The skinny 42-year-old, his beard and hair dyed orange-red with henna, struggles with fatigue, a wracking cough, and the depressing pall of pollution that hangs over the city skyline. When he can muster the strength, he pedals a rickshaw carrying passengers through Dhaka's chaotic, exhaust-choked streets, so he can earn money to buy rice and lentils for his family and pay rent on the corrugated-metal shack where they live.

Dhaka is the world's most densely populated megacity, with more than 15 million people as of 2011, the most recent year for which a number is available. The overstuffed metropolis struggles to accommodate its current residents. Power outages and blackouts are frequent. The streets are clogged. Sewage pipes, when they exist at all, often back up and spill into the streets.

Despite its dysfunctions, Dhaka is packing in more people every day. Precise numbers are elusive, but tens of thousands of rural migrants arrive every month, crowding into its slums, according to demographers at the nonprofit Population Council. Some newcomers are following the global pattern of urban migration, lured by the opportunity of the big city when the family farm has been subdivided so many times among sons that the parcels are too small to support the family.

Many more arrive in the capital with no other place to go. They are forced from their homes, fleeing droughts, floods, and other ravages of a changing climate. Uddin and others are part of a new wave of environmental refugees that experts predict will swell into the tens of millions by midcentury, due to elevated temperatures, rising seas, and violent weather. Half of Bangladesh's population lives less than 17 feet above sea level, putting this country at the forefront of this harrowing development.

The path that brought Uddin and his family to Dhaka has become crowded. Uddin was surprised at the familiar faces he saw on the ferry that carried him upriver from the southern district of Barisal. Most of his new neighbors in the Bou Bazar slum also come from rural areas to the south.

It took a lot to pry Uddin from his land. Bangladeshi farmers are renowned for their resilience. They are masters at adapting to storms from the sea, floodwaters from swollen rivers, wilting heat that can sap the strength of farmers and their crops. That kind of adaptation is necessary on the vast flood plain that stretches as flat and green as a pool table to the Bay of Bengal.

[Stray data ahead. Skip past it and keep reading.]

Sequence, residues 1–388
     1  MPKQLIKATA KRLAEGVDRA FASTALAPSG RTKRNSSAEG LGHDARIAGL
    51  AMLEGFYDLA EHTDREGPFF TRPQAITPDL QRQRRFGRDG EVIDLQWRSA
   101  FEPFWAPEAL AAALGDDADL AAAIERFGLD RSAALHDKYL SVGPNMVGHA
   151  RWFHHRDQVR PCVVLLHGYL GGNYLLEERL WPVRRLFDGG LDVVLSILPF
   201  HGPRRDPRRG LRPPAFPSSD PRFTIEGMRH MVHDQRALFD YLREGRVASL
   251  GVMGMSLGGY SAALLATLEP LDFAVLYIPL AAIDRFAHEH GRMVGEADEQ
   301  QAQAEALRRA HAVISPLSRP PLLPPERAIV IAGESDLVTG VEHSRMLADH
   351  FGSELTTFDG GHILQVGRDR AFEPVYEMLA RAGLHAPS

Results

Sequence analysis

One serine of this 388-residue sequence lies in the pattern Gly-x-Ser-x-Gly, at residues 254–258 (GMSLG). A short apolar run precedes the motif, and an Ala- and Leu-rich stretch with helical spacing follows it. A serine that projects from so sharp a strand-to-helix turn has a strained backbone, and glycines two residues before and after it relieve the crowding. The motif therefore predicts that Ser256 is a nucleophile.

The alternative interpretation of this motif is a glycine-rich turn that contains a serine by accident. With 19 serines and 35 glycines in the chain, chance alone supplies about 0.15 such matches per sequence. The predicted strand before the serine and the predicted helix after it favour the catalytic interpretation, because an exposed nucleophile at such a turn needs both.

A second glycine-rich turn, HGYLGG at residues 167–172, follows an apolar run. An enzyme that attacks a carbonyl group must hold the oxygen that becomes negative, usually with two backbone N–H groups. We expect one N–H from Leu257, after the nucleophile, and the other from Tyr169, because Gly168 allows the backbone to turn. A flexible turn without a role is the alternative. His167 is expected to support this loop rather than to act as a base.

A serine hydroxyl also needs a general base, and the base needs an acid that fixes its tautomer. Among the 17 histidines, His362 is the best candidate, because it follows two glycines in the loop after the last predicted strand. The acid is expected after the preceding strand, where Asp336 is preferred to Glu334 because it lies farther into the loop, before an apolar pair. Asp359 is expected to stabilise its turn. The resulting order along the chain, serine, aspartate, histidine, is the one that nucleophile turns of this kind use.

Barisal takes pride in its reputation as the granary of Bangladesh. The fertile delta has long taken its nourishment from the water and nutrient-rich sediment from the Himalayas washing down the Ganges, the Brahmaputra, and 800 other rivers and tributaries that braid their way to the sea.

Uddin's farm was located next to one of these tributaries. Like his father, he dug and maintained canals to divert floodwaters during the monsoon season, which lasts from June to October, to flood his rice paddy when he wanted it and drain his land when needed.

His farm was tiny, less than a quarter-acre, because he inherited only a fraction of his father's land. The rest was divided among his three brothers. He made up for it with hard work. He coaxed four crops a year from his tiny parcel of land: Two crops of rice during the monsoons, and two crops of lentils during the dry season, irrigating from well water. By trading some rice and lentils for vegetables and a little meat, he was able to provide for himself, his wife, their son, and their three daughters.